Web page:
nulib2 - Man Page

package and compress (archive) files


nulib2 -command[modifiers] archive [ filenames ]


nulib2 is a disk and file archiver for NuFX (ShrinkIt) files.  It can add files to and extract files from .SHK, .BXY, .SEA (as created by GS/ShrinkIt), and .BSE files.  In addition, it can extract files from .BNY and .BQY Binary II archives.

When extracting, testing, or listing the contents of an archive, you can specify "-" for the archive name.  The archive will be read from stdin. (If the archive is Binary II, you must specify the "-b" flag.)

Filenames are considered case-sensitive.

This man page contains a summary of available options.  For full documentation and the latest versions, visit



Get verbose help output.


Add files to an archive.  If the archive does not exist, a new one will be created.  The list of files to add must be given.


Delete files from an archive.  The set of files to delete must be provided.


Integrity test.  If no files are listed, all files in the archive are tested.


Pipe extraction.  All extracted files are written to stdout instead of a file on disk.  Normal archive progress messages are suppressed.


Table of contents.  Provides a simple list of files in the archive, one per line.


Verbose table of contents.  Output similar to what ShrinkIt displays is shown.


Extract files from an archive.  If no files are listed, all files in the archive are extracted.



Comments.  When extracting, comments will be displayed.  When adding, you will be prompted to enter a one-line comment for every file.


Preserve ProDOS file types.  See the ProDOS File Type Preservation document on for details on how this works.


Preserve file types, using extended names.  A file extension is appended to extracted files.  Useful on operating systems like Windows, where filename extensions are important.  When adding files, nulib2 will try to guess at correct file types by examining the filename extension.


Freshen files.  When adding, files in the archive that are older than files on disk are "freshened", meaning that no new files are added, and files that are the same age or newer aren't touched.  Works similarly when extracting.


Junk directory names.  Only the filename is kept; the rest of the pathname is thrown away.  Empty directories aren't stored.  Works when adding or extracting.


Store files as disk images.  Files that are a multiple of 512 bytes will be added as disk images rather than normal files.  This does not override the "-e" flag.


Auto-convert text files.  A reasonably smart algorithm is used to identify which files are text and which aren't during extraction.  It then converts whatever EOL indicator is being used by the text file into something appropriate for the current system.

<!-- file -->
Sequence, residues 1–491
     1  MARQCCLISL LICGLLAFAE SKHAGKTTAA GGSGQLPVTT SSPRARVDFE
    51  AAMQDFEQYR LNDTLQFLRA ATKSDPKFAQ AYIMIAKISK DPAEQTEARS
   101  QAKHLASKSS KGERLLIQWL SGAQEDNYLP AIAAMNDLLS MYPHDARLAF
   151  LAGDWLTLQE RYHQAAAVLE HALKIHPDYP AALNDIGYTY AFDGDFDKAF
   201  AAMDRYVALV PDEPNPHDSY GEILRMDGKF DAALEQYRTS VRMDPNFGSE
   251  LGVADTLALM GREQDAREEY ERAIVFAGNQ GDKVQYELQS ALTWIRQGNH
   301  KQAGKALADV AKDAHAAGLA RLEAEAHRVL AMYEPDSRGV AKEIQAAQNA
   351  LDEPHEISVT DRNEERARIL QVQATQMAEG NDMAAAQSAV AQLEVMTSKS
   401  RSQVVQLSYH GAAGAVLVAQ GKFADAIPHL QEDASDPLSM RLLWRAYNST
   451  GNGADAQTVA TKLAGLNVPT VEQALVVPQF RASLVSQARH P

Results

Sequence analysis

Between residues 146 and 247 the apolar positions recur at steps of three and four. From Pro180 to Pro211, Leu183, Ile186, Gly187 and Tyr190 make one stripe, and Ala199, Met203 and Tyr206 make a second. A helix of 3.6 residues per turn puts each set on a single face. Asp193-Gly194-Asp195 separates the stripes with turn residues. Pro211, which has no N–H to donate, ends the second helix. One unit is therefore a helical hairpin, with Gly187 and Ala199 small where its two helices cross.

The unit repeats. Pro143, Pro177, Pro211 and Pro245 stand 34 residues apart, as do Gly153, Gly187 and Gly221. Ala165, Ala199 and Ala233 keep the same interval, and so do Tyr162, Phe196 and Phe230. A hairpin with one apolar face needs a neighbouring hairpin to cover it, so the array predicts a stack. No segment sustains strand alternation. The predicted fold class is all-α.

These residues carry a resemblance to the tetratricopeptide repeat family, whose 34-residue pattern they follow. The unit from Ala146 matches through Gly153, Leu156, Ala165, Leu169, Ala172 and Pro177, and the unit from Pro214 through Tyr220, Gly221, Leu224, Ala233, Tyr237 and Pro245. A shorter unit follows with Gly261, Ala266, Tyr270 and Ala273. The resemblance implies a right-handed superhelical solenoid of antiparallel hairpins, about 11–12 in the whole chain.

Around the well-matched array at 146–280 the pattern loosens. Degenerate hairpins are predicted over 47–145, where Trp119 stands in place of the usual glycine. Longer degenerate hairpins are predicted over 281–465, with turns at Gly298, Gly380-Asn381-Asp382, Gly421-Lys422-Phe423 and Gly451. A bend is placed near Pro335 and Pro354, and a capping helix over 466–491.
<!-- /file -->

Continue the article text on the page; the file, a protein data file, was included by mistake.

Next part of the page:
Auto-convert all files.  All files being extracted are considered text, and will be converted.  Don't use this unless you're sure you need it.


Recurse into subdirectories.  When adding, this causes nulib2 to descend into subdirectories and store all of the files found.  When extracting, testing, or deleting, this causes the files listed to match against all records whose prefix matches, allowing you to extract, test, or delete entire subdirectories from the archive.


Update files.  When adding, files in the archive that are older than files on disk are updated.  Files in the archive that are the same age or newer aren't touched.  New files will be added.  Works similarly when extracting.


Binary II.  Forces NuLib2 to treat the archive as Binary II.  Useful for opening NuFX-in-BNY archives (.BXY) if you want to strip the wrapper off. You must specify this for Binary II archives on stdin.


Don't use compression.  Files added will be stored without compression. (Note that's dash-zero, not dash-oh.)


Use "deflate" compression.  This option is only available if libz was linked against.  Archives created with this algorithm will not be usable on an Apple II.


Use "bzip2" compression.  This option is only available if libbz2 was linked against.  Archives created with this algorithm will not be usable on an Apple II.


A simple example:

nulib2 a foo.shk *

creates the archive foo.shk (assuming it doesn't exist) and stores all of the files in the current directory in it, in compressed form.

If you wanted to add all the files in the current directory, as well as all files in all subdirectories, you could use:

nulib2 ar foo.shk *

to recursively descend into the directory tree.

Using the command:

nulib2 xe foo.shk

would extract all files from foo.shk, preserving ProDOS file types.  If you then used the command:

nulib2 aer foo.shk *

you would add the files, preserving the file types of anything that was extracted with the "-e" flag set.

A handy way to look at text documents is to use:

nulib2 xeel foo.shk

to convert end-of-line terminators (e.g. CRLF to LF) as the files are being extracted.  The "-ee" flag adds ".TXT" to all files with a ProDOS file type of TXT ($04).

See Also

compress(1), tar(1), zip(1L), unzip(1L), nulib(1L)




Copyright (C) 2007 by Andy McFadden.  All Rights Reserved.


08 Feb 2003